Submitted by The Booker Prizes on Wed, 24/07/2019 - 12:24
The 2019 longlist, or ‘Booker Dozen’, of 13 novels, is:
The 2019 Booker Prize judges, under the aegis of Peter Florence, have come up with a startling 13-book “Booker Dozen”: startling because of the number of big names the longlist includes. It is sometimes suspected that prize judges back away from including too many established names for fear of being too “obvious” or denying less-established authors their place in the sun. Not this year. Florence and his colleagues – Liz Calder, Xiaolu Guo, Afua Hirsch and Joanna MacGregor – have been brave and picked a longlist of largely familiar names, each writer with a solid and sometimes spectacular track record of success.
The biggest beasts on the list are, of course, two former winners who have both transcended mere literary fame: Salman Rushdie with Quichotte, his yet-to-be published modern retelling of Don Quixote, and Margaret Atwood with The Testaments, a sequel to The Handmaid’s Tale another book the eager reader will be forced to wait for (one of the perks of being a Booker Prize judge is that you get an early sighting of many novels).
Then there are former shortlistees in the form of Deborah Levy (The Man Who Saw Everything) and Chigozie Obioma (An Orchestra of Minorities); a former Man Booker International Prize judge in Elif Shafak (10 Minutes 38 Seconds in This Strange World); a woman so entrenched in the literary world that she was awarded an OBE for services to literature, Jeanette Winterson; old hands and regular prize-winners such as John Lanchester (The Wall), Bernardine Evaristo (Girl, Woman, Other) and Kevin Barry (Night Boat to Tangier).
Meanwhile, Lucy Ellmann (Ducks, Newburyport) is the author of six previous books; Valeria Luiselli (Lost Children Archive) has written seven other works (she is Mexican-born so has written mainly in Spanish: this, amazingly, is her first book written in English); Max Porter (Lanny) whose previous book, Grief is the Thing with Feathers, was a literary world must-read; which leaves Oyinkan Braithwaite (My Sister, The Serial Killer) as the sole debutant on the list, even she comes draped in garlands and a nomination for this year’s Women’s Prize for fiction.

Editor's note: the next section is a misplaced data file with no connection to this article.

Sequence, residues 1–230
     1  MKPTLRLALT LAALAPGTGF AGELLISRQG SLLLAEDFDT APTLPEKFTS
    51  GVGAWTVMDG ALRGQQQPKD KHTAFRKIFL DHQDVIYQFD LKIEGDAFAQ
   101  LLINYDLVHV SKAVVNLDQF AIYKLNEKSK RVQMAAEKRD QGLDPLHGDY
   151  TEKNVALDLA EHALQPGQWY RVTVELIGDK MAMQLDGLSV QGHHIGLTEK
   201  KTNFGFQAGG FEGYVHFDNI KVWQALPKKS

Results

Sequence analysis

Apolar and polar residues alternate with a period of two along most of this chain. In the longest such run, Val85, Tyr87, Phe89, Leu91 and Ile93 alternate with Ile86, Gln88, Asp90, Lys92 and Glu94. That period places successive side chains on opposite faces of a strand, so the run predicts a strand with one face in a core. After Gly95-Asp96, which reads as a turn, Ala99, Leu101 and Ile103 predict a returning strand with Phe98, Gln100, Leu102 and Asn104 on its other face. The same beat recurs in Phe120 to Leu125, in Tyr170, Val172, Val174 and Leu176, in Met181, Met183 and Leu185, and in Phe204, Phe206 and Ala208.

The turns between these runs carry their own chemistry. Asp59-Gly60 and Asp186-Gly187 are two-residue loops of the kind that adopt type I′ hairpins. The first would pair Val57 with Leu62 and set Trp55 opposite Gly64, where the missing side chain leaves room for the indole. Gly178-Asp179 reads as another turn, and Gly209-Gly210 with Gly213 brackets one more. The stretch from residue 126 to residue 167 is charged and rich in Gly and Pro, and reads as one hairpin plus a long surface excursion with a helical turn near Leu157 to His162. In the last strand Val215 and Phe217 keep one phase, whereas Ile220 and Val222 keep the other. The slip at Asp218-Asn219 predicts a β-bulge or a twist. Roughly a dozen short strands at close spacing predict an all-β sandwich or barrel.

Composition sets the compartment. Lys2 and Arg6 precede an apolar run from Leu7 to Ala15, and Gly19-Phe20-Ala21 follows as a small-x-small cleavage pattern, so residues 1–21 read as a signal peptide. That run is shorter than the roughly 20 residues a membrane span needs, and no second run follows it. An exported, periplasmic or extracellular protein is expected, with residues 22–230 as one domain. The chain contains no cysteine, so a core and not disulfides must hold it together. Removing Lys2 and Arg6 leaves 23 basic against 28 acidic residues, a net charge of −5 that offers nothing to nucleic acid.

The authors also represent a global mix: there are nationalities from Ireland, South Africa, Canada, Nigeria, Mexico, America and Turkey, as well as London and Yorkshire. For good measure this year is another female-dominated list, with eight women and five men. Meanwhile a list of largely established names has also resulted in a list of established publishers, with two nominations each for Jonathan Cape, Faber & Faber and Hamish Hamilton, and the sole small independent being the estimable Galley Beggar Press.
There are too some established themes in that Atwood’s novel is a sequel (Atwood’s television partners will be rubbing their hands at the prospect of more Gilead) while Rushdie’s and Winterson’s novels are retellings of famous books – Don Quixote and Frankenstein. But there are entirely novel novels too: Oyinkan Braithwaite’s My Sister, The Serial Killer, for example, is a thriller that mixes family, love and murder (by a woman who has killed at least three boyfriends “in self-defence”). Luiselli’s Lost Children Archive is a response in fiction to the Trump administration’s policy of separating parents and children at the US-Mexican border. Elif Shafak’s 10 Minutes 38 Seconds in this Strange World describes what’s going on in the mind of a woman in the moments between her physical death and the point, after a time lag, at which her brain dies too. John Lanchester’s The Wall focuses on a broken other-world, the cold, a wall and a growing sense of menace. These are not then novels that are easy to stereotype. They are testament too to the self-renewing gift that means that even long-established writers find new stories to tell.
So now listen out for the booksellers who in the past have been heard to complain that some lists will be difficult to sell because “no one has heard of the writers”. The sound you should hear is of hands being rubbed in glee.